When the Golden Gate Bridge Opened, 74 Years Ago

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Welcome to San Francisco. It's May 27, 1937 and the Golden Gate Bridge is open for business. You could be one of the 200,000 people streaming across the new structure that day (above), or maybe you just glance over from time-to-time from your apartment at what had once seemed impossible. Either way, chances are you were filled the feeling of  "the technological sublime," as the historian David Nye calls it.

Americans have a peculiar desire for the technological sublime, Nye argues, finding "essentially religious feeling" in our own creations. Technology serves the role in this country what religion does in less pluralistic societies. It binds us together through ritual pilgrimages to the sites of our collective achievements, achievements like the Golden Gate Bridge.

If any man-made object can be called sublime, surely the Golden Gate Bridge can. More than a mile long, it crosses the turbulent waters of the San Francisco Bay between rocky headlands. Three times the height of the Brooklyn Bridge, it arches through crosswinds, clouds, and fog, slim and elegant, a triumph of engineering skill.

Here, we present you with three artifacts that testify both to the engineering skill and to the sublime. First, at the top, you can watch silent newsreel footage of the opening day 74 years ago, courtesy of the Prelinger Archive. Then, we've created a gallery of the construction of the bridge from photos contained in the Online Archive of California.

And finally, as proof that San Franciscans have always loved their bridge and purple prose, we've embedded the official program of the Golden Gate Bridge FIESTA, a festival held from May 27 through June 2 in 1937. Here's how it begins:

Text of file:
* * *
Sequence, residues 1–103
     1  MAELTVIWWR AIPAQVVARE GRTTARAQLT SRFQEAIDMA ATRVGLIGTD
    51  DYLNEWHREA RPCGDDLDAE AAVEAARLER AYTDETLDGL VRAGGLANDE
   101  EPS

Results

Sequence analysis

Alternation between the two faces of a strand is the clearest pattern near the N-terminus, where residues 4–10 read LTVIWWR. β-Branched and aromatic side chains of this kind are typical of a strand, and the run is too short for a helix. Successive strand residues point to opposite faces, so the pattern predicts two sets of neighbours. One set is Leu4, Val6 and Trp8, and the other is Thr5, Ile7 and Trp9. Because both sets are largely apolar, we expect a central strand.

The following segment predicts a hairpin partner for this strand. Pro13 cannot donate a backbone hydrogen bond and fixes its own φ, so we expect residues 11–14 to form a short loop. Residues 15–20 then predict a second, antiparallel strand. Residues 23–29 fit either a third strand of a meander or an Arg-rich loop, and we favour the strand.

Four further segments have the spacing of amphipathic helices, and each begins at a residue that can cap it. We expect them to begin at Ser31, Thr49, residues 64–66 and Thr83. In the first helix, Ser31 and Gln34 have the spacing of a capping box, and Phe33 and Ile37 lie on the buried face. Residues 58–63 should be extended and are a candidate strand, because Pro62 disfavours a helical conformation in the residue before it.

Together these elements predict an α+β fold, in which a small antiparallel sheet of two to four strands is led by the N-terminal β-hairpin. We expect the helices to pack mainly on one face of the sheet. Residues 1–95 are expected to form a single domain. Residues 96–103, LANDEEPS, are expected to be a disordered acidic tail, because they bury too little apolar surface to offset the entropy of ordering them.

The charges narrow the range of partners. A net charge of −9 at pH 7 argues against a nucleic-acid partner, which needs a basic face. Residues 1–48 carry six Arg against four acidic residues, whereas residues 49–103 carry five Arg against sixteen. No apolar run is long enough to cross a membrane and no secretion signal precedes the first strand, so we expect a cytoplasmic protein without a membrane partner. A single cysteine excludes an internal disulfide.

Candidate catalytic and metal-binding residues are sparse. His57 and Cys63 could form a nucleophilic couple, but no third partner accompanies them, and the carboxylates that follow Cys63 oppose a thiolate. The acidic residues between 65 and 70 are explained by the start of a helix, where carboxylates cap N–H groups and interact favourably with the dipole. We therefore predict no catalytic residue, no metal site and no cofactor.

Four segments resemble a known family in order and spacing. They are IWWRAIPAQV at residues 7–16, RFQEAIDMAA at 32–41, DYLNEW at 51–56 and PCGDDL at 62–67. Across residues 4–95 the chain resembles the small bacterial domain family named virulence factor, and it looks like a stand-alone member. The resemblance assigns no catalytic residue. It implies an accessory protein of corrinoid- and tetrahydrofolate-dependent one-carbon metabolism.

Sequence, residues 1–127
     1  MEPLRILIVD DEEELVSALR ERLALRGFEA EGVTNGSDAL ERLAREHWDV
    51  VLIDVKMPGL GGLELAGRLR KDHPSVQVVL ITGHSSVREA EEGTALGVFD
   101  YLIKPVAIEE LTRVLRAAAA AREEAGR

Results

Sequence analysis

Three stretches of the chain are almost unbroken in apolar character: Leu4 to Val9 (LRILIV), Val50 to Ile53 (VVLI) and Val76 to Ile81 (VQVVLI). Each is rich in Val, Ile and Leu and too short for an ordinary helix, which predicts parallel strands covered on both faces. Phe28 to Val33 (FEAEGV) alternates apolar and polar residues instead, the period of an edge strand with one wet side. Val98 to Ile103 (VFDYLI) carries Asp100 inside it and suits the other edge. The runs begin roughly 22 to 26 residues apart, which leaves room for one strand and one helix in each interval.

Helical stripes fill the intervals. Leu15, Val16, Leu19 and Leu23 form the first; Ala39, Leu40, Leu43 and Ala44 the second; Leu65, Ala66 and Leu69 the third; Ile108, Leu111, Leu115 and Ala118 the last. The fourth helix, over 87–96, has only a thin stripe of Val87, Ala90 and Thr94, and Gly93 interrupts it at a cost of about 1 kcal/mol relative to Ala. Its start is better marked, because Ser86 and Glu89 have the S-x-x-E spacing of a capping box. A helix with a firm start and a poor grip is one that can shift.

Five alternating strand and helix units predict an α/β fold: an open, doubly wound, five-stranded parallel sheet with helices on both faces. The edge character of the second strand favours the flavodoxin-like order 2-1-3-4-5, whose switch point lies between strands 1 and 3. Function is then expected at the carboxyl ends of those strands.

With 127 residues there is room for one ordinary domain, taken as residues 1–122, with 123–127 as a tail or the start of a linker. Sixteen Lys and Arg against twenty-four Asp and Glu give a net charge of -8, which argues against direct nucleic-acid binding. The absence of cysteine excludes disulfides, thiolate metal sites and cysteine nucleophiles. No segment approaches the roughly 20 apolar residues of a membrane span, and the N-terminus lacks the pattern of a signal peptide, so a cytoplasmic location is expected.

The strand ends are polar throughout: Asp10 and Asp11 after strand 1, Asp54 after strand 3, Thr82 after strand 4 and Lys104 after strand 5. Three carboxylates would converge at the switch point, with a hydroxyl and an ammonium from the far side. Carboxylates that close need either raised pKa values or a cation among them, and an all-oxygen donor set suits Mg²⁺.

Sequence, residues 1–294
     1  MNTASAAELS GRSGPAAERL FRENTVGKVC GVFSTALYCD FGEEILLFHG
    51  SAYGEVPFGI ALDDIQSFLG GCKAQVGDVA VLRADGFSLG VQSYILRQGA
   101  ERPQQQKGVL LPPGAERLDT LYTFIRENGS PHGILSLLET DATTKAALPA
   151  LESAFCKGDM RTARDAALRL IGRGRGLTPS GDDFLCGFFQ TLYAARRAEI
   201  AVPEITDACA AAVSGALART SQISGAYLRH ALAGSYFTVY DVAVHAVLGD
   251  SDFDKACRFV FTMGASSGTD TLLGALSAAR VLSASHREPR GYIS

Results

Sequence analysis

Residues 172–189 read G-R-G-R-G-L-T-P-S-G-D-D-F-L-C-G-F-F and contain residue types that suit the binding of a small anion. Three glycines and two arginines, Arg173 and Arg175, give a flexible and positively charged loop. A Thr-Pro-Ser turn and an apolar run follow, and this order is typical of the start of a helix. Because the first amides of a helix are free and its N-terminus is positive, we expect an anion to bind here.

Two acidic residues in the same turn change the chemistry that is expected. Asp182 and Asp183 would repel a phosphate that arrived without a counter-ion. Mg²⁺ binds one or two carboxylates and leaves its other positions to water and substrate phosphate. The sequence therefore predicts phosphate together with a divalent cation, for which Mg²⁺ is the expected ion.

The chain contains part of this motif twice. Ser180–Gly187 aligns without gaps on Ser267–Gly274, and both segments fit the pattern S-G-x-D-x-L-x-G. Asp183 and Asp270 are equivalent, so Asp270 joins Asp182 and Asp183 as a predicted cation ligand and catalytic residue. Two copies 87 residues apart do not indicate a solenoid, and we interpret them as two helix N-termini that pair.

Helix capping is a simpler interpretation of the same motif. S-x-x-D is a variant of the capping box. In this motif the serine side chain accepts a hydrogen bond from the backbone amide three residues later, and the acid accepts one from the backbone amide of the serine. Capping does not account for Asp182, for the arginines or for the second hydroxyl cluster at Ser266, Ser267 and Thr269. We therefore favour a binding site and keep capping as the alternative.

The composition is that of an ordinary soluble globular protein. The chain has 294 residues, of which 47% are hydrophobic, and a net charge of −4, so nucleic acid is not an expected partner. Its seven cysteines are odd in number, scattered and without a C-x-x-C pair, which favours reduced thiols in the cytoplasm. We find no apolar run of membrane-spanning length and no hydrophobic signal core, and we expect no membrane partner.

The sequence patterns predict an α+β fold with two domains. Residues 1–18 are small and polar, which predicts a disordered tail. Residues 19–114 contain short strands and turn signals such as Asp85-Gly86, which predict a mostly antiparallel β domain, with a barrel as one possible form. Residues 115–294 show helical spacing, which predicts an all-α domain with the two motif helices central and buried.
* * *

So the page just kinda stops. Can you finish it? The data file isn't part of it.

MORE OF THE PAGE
With eager expectation, San Francisco and the citizens of the Redwood Empire have looked forward to this day when the mighty Golden Gate Bridge would be opened to the traffic of the world. And now that this glorious enterprise is completed, rejoicing is in every heart.

To you who have come from afar, we offer hospitality beyond measure. May the Bridge be a bond, uniting us ever in the bonds of brotherhood.

To you in these Western States, particularly those who live in the glorious realms of the Redwood Empire, and who joined us in financing this incomparable structure, we share this hour of high satisfaction in the accomplishment.

The Golden Gate Bridge Fiesta is a civic celebration in which you all are a part. We are all one, in spirit and in fact, in helping to make the occasion memorable.

The curtain rises. The pageant unrolls. Voices are lifted in song.

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Alexis C. Madrigal

Alexis Madrigal is the deputy editor of TheAtlantic.com. He's the author of Powering the Dream: The History and Promise of Green Technology. More

The New York Observer has called Madrigal "for all intents and purposes, the perfect modern reporter." He co-founded Longshot magazine, a high-speed media experiment that garnered attention from The New York Times, The Wall Street Journal, and the BBC. While at Wired.com, he built Wired Science into one of the most popular blogs in the world. The site was nominated for best magazine blog by the MPA and best science website in the 2009 Webby Awards. He also co-founded Haiti ReWired, a groundbreaking community dedicated to the discussion of technology, infrastructure, and the future of Haiti.

He's spoken at Stanford, CalTech, Berkeley, SXSW, E3, and the National Renewable Energy Laboratory, and his writing was anthologized in Best Technology Writing 2010 (Yale University Press).

Madrigal is a visiting scholar at the University of California at Berkeley's Office for the History of Science and Technology. Born in Mexico City, he grew up in the exurbs north of Portland, Oregon, and now lives in Oakland.

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